AMCNO Sends Letter to Ohio House Addressing Concerns about HB 131 – Physical Therapy; No Vote Taken

The Ohio House Health Committee held a hearing on November 29 concerning Substitute House Bill 131—physical therapists scope. Following testimony, Chairman Steve Huffman, MD, announced there would be no vote on the bill. 

Throughout the last three General Assemblies, legislation has been introduced that would alter the scope of practice for physical therapists (PTs)—and each time, the AMCNO and other medical organizations across the state have opposed these bills. We have consistently opposed the idea of allowing PTs to make a diagnosis or order tests or X-rays, and the AMCNO recently sent written testimony to the Ohio House Health Committee expressing our concerns about the current legislation. 

HB 131 is the latest version of a bill meant to change the scope of practice for physical therapists. The AMCNO is concerned about this bill because it would grant PTs the ability to diagnose a medical condition—in effect, giving them the ability to independently practice medicine. Medical decision-making and diagnoses are the result of the interpretation of many variables, including history, examination, and diagnostics. Although we agree that PTs are an important part of the healthcare team, we do not believe they are adequately trained to diagnose a medical condition. We believe that the diagnosis of medical conditions should be done by trained physicians or mid-level providers who are working collaboratively with a physician.  

The bill would also permit a PT to order plain X-rays, but only if the PT meets certain educational requirements as outlined in the bill. The AMCNO believes that there are some very real patient safety concerns when a PT orders imaging—mainly because the imaging education and training of PTs, even in PT doctorate programs, will not be sufficient enough for them to provide these services on their own.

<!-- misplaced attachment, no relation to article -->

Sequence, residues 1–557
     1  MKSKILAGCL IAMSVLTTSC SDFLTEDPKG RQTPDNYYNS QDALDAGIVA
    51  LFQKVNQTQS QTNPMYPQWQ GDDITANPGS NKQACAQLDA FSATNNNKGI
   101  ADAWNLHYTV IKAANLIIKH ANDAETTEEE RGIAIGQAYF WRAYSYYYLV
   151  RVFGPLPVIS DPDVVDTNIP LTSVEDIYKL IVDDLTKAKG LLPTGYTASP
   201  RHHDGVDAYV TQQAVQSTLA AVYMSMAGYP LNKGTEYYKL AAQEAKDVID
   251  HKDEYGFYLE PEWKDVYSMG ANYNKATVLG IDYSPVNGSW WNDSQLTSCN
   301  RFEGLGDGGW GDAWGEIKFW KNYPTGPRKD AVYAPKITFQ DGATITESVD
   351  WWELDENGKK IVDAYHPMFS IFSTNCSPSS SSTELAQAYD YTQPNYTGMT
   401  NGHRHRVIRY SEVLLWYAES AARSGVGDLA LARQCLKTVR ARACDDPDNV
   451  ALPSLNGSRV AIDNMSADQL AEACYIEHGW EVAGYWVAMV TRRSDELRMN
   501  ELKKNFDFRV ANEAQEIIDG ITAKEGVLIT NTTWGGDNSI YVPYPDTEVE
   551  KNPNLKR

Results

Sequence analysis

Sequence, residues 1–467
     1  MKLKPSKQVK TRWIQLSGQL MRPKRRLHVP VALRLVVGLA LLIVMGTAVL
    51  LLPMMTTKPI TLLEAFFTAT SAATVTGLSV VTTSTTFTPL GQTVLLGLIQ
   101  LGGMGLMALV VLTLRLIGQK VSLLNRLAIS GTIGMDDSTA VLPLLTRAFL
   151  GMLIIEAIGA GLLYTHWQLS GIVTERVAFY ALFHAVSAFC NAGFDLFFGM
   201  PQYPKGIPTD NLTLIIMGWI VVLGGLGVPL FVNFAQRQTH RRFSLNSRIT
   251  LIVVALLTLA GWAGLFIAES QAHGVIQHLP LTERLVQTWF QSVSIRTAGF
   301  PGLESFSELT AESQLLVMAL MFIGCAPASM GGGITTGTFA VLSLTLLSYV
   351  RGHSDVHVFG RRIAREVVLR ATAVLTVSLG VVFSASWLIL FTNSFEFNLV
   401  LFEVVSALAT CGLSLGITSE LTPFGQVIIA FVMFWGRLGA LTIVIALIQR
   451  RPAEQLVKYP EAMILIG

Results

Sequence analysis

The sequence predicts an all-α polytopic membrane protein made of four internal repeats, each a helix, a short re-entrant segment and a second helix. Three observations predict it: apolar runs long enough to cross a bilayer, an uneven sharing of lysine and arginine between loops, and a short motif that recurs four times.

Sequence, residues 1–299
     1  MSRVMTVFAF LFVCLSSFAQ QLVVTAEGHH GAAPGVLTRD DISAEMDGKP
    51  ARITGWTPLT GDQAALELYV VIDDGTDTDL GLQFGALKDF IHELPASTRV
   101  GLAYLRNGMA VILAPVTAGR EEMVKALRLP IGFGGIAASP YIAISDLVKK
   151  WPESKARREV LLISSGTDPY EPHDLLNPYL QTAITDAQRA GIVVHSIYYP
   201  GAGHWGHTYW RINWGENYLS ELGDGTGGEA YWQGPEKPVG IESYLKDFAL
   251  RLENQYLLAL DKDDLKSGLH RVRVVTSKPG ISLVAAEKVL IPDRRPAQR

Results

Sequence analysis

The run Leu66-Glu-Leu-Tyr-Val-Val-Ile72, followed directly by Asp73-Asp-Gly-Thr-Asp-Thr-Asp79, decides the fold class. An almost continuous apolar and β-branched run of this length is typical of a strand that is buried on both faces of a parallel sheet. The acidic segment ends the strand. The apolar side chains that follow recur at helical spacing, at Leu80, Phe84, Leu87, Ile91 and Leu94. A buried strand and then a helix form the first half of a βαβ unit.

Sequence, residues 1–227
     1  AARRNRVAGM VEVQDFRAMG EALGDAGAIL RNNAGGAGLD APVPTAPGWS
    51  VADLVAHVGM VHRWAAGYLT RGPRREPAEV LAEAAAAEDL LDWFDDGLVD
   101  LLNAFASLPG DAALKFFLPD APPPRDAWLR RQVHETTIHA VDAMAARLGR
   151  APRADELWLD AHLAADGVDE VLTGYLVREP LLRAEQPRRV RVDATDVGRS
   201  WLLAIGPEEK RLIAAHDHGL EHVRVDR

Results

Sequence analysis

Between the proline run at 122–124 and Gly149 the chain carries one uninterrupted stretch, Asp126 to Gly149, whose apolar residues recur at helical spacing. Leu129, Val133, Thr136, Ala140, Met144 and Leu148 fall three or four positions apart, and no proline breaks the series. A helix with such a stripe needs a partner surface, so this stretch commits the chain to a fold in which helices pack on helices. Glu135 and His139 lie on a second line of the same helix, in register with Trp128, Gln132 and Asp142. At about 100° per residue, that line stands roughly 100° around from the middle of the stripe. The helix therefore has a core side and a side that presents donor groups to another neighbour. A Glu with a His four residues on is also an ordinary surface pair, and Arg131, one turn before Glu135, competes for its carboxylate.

There is an alternative proposal that could potentially allow a PT to order X-rays, namely to attain adequate training in imaging and enter into a formal collaboration arrangement with a physician, similar to how APRNs and PAs do under their existing scopes of practice. At this time, there is only one other state that authorizes a PT to order images, so even if the collaborative approach were to move forward, Ohio would be an outlier state relative to this authorization. 

In addition to sending our written testimony, the AMCNO has been meeting with legislators about this issue. At the present time, the bill is still under discussion and another substitute bill is expected to be drafted in the future. We will keep our members apprised on the status of the legislation.



The Pollen Line is now closed. See you in the spring!

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